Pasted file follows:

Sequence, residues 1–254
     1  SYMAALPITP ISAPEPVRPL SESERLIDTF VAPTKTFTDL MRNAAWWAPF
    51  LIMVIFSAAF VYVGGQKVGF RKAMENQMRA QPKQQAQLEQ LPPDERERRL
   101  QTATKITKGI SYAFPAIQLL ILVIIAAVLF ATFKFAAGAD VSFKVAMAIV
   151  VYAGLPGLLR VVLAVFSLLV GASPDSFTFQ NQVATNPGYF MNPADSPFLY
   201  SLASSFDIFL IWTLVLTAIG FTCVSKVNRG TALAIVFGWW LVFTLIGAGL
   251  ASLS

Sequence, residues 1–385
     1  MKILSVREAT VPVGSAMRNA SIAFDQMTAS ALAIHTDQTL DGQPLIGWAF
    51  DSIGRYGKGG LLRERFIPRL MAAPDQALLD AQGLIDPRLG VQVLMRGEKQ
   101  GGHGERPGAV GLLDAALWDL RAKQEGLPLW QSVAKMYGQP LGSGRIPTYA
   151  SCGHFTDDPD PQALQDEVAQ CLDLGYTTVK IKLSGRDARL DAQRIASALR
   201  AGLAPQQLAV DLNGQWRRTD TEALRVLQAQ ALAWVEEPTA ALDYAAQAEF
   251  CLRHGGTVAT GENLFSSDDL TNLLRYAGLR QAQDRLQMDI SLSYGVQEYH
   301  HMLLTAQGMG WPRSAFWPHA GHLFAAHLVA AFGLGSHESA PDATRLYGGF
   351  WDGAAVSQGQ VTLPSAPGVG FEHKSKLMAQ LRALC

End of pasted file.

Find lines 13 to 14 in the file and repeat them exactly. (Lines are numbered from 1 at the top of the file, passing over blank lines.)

   201  AGLAPQQLAV DLNGQWRRTD TEALRVLQAQ ALAWVEEPTA ALDYAAQAEF
   251  CLRHGGTVAT GENLFSSDDL TNLLRYAGLR QAQDRLQMDI SLSYGVQEYH